Back in 2014, at the peak of pessimism in stock markets there were hardly any takers for even the most marquee names in the stock market. Today’s Rs. 2300 share of Reliance was trading at 450. Infosys at 400 and HDFC Bank at 320 (both trading above Rs. 1000/ share today). These days things are different, a large number of investors are waiting for a crash to buy these stocks. Others are either buying or have already bought.

How does it all work? Why do people jump into the stock market after it runs up? I guess, the single biggest reason is short-sightedness, a condition that causes distant objects to appear blurred. This may not be a problem for traders but an an investor, this is a big big problem.


Defined: Methodical

This is the part which you need to learn. Learn from books, from other investors and from the experience of others. Follow this three pronged approach.


First, look at the state of the economy – this is where you look to pointers like the GDP, inflation, employment, domestic and global geopolitical scenario etc. If you are broadly happy with the situation, you will move to step 2.

Second, look at all the industries like – banking, automobiles, IT, pharmaceuticals, FMCG. Where do you think most growth will happen in the next few years. Zero in on that industry.

  • Third, Look for constituents i.e. stocks belonging to your chosen industry. This is really where analysis comes to the fore. Broadly, you should be studying:
    Quality of Management
  • Fundamentals
  • Valuations
  • Return Ratios
  • Competitive Advantage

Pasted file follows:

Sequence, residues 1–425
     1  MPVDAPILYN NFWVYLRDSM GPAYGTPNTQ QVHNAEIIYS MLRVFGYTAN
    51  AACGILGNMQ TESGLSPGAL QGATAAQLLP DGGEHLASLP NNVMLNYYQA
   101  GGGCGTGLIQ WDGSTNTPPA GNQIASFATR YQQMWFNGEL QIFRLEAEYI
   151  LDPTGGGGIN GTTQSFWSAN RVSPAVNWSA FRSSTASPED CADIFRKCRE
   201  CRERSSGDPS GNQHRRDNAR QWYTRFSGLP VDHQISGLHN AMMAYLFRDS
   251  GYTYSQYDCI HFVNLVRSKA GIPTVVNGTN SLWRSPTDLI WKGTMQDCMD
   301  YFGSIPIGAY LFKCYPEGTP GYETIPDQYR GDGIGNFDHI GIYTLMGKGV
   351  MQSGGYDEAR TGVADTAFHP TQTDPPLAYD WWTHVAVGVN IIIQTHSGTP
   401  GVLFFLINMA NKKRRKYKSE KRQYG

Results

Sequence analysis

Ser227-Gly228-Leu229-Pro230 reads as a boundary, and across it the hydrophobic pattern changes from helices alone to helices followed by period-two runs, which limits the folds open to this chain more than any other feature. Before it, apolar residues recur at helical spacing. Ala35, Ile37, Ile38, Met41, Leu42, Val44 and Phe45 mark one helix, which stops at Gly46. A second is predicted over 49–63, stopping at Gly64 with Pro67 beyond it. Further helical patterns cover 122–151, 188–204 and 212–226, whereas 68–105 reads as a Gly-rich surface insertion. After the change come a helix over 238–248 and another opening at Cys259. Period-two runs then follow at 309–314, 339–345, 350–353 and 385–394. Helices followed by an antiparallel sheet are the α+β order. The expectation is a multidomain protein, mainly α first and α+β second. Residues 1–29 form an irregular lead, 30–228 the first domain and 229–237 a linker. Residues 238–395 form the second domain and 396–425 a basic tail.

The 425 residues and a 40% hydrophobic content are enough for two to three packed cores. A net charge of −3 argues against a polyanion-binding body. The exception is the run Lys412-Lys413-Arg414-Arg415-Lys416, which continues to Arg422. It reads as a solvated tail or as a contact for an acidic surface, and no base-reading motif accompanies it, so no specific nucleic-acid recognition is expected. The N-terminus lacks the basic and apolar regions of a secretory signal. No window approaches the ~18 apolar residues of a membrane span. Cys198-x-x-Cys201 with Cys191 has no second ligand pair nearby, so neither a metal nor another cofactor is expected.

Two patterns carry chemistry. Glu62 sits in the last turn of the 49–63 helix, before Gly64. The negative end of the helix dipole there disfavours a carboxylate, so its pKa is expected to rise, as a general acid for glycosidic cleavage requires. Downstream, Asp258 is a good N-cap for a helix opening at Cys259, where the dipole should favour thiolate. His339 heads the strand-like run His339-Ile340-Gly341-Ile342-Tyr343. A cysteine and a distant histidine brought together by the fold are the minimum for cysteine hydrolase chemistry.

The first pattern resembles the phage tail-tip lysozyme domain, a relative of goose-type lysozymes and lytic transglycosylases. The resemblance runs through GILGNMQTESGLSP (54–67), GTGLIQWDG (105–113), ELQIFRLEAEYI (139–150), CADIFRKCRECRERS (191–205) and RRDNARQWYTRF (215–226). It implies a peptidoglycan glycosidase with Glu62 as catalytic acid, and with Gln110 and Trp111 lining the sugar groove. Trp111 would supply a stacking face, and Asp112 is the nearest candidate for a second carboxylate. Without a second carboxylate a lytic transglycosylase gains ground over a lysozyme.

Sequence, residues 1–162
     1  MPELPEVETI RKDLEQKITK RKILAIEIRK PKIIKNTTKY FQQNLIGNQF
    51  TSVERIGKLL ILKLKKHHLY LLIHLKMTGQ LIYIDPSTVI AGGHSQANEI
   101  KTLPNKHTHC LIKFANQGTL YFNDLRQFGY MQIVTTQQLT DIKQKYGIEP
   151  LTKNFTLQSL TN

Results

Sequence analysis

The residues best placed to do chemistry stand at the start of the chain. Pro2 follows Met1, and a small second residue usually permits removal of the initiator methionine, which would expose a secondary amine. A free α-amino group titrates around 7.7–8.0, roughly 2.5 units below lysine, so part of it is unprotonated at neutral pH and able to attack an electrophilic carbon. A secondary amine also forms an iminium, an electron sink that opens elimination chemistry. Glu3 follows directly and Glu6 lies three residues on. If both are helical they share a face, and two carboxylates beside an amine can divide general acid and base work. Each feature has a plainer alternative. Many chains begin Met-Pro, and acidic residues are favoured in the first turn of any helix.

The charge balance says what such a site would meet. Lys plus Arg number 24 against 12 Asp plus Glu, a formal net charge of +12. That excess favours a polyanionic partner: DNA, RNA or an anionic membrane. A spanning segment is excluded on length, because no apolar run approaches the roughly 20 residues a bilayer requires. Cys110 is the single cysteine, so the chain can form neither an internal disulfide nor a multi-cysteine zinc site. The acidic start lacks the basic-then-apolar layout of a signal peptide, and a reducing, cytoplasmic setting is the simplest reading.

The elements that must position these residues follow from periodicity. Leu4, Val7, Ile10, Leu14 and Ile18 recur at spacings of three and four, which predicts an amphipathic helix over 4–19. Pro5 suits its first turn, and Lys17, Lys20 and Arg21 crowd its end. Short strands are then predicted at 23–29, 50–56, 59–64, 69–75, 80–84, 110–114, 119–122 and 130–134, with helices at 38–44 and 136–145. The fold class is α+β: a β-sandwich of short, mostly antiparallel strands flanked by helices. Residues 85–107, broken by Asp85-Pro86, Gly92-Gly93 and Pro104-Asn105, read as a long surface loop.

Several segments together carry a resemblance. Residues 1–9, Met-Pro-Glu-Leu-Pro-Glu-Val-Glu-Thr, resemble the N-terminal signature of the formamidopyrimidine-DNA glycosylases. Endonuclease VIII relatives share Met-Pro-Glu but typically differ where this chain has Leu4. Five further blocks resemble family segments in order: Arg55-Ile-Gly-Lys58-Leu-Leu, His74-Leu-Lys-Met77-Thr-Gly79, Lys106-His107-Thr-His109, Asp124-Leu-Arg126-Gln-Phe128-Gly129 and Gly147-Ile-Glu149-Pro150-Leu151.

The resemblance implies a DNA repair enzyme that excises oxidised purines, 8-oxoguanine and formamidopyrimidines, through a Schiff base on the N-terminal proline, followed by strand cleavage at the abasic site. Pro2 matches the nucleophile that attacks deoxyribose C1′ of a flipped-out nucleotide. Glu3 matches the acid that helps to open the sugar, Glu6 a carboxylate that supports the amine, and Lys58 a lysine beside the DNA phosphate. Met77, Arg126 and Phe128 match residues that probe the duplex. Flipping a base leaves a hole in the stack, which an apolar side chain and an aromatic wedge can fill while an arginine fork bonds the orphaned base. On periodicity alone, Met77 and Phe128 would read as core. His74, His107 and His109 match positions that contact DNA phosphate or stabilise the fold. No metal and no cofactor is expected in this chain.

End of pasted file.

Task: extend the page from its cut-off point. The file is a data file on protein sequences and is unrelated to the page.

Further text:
• Intrinsic or Fair Value

In this article, I have covered these basics and how to look at them in much greater detail: All About Stock Selection Criteria

There is one more thing you need to keep in mind.


Once you have chosen to be in stocks with all or a major part of your portfolio, your stock selection should still depend on how much risk are you wiling to take. It is easier to choose large well established companies with a track record of making 15-18% return than trying to hunt for companies that can grow exponentially. Well established large companies naturally tend to trade at much expensive valuation, so while there earnings may grow at 20%,stock price is usually elevated and does not grow at a similar rate. Small and medium sized companies (i.e. small and mid caps) can give you fantastic returns if you can discover them before they become big and start getting tracked widely.

The selection criteria should be broken down based on the size of each company,i.e. Market capitalization.


Why are Blue Chips considered as best stocks for long term?

In financial terminology ‘blue chips’ refer to stocks of well recognized companies that have a strong financial position and a good earnings track record. What authenticates their status as the best stocks for long term is:

  • Their ability to generate higher than average investment return at lower than average levels of risks.